The foreclosure action against you is now set for trial before a judge. This is before a judge and not a jury, since it is "an action in equity." This is the trial where the bank will present evidence before the judge in the form of testimony and documents in an effort to repossess the home. You should definitely retain an attorney to determine whether the trial date can be continued in an effort to explore any defenses to the foreclosure action, as well as a possible counter claim.
A uniform order of the type you mention typically sets forth deadlines for witness disclosures, etc. and means you have a foreclosure trial coming up shortly. That trial will likely be set at a future docket sounding if it has not been set already.
The purpose of the foreclosure trial is to determine the outcome of the foreclosure action. If you manage to prevail the case is dismissed, and the bank has to start from scratch. If the bank prevails a final judgment will be entered and the court will set a sale date. If you have any interest whatsoever in the outcome now is the time to retain an attorney.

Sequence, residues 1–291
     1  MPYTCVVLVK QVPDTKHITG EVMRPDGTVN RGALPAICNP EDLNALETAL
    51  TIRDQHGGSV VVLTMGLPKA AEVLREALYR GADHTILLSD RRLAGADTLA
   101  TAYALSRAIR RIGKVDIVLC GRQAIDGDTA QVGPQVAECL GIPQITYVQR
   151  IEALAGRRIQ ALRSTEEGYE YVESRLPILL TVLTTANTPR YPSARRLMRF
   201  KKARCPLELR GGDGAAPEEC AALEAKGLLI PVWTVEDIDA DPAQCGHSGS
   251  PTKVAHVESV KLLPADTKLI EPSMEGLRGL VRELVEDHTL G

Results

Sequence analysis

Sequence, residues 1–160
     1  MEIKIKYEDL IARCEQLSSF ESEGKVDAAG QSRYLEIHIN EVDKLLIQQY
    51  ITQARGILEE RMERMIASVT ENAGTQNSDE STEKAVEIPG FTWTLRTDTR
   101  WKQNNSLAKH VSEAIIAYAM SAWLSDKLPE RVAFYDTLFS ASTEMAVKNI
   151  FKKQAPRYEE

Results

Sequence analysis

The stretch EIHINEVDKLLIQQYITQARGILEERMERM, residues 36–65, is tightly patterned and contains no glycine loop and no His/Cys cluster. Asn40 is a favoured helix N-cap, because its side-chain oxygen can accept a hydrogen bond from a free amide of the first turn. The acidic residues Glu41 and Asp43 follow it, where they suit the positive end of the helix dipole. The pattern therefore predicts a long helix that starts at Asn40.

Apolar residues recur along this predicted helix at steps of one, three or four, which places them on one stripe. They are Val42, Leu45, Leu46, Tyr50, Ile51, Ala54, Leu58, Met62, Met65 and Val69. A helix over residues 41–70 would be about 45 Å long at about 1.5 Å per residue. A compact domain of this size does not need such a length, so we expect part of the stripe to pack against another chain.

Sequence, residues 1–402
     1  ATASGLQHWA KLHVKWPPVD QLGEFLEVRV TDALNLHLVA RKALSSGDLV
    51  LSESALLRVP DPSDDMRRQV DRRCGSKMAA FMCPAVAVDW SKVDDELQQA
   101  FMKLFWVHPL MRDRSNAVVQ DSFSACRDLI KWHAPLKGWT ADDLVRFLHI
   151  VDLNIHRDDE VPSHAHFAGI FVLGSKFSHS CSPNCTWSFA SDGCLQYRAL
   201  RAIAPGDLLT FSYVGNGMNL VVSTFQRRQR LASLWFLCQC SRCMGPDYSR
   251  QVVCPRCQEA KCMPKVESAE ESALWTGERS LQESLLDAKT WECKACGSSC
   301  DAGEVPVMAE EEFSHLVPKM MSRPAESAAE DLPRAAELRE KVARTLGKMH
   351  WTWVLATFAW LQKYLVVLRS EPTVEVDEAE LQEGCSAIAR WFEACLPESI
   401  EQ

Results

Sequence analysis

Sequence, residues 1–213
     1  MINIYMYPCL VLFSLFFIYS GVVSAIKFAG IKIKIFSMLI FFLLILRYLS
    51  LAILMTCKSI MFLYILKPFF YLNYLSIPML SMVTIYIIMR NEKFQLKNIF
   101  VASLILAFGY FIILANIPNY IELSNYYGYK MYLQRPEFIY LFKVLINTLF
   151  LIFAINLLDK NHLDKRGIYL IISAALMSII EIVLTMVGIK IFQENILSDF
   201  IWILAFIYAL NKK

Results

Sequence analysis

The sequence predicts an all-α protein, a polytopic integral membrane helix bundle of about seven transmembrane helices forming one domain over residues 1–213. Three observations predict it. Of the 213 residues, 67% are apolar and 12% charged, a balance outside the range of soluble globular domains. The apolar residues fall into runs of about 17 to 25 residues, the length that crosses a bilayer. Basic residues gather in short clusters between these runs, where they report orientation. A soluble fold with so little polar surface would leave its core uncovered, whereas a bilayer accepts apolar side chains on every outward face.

It is an order from court setting your foreclosure for trial. If you are modifying or short selling you should have an attorney attend the trial and negotiate this on your behalf. You may even be eligible for some money back.
If you are exploring a loss mitigation option such as a loan modification, short sale, or deed-in-lieu of foreclosure, that likely will not preclude the lender from obtaining a sale date. Rather, it is possible the sale date may be scheduled for a later time (e.g. 90 days out). You or your attorney should bring to court evidence that a loss mitigation is being reviewed such as correspondence with the lender stating so. The lender will likely have at least one witness who works for the lender appear and testify as to the accuracy of the pleadings with regard to the note and mortgage.